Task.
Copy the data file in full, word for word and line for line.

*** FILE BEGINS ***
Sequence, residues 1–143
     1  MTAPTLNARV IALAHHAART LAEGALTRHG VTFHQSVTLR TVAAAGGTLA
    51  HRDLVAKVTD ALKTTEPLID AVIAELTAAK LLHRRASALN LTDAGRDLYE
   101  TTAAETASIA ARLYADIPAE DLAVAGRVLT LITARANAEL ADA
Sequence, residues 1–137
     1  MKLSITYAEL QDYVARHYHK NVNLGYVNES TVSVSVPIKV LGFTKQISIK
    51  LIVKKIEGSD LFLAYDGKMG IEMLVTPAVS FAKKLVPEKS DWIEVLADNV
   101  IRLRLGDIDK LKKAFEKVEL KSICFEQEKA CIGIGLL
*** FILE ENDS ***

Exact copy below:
Sequence, residues 1–143
     1  MTAPTLNARV IALAHHAART LAEGALTRHG VTFHQSVTLR TVAAAGGTLA
    51  HRDLVAKVTD ALKTTEPLID AVIAELTAAK LLHRRASALN LTDAGRDLYE
   101  TTAAETASIA ARLYADIPAE DLAVAGRVLT LITARANAEL ADA
Sequence, residues 1–137
     1  MKLSITYAEL QDYVARHYHK NVNLGYVNES TVSVSVPIKV LGFTKQISIK
    51  LIVKKIEGSD LFLAYDGKMG IEMLVTPAVS FAKKLVPEKS DWIEVLADNV
   101  IRLRLGDIDK LKKAFEKVEL KSICFEQEKA CIGIGLL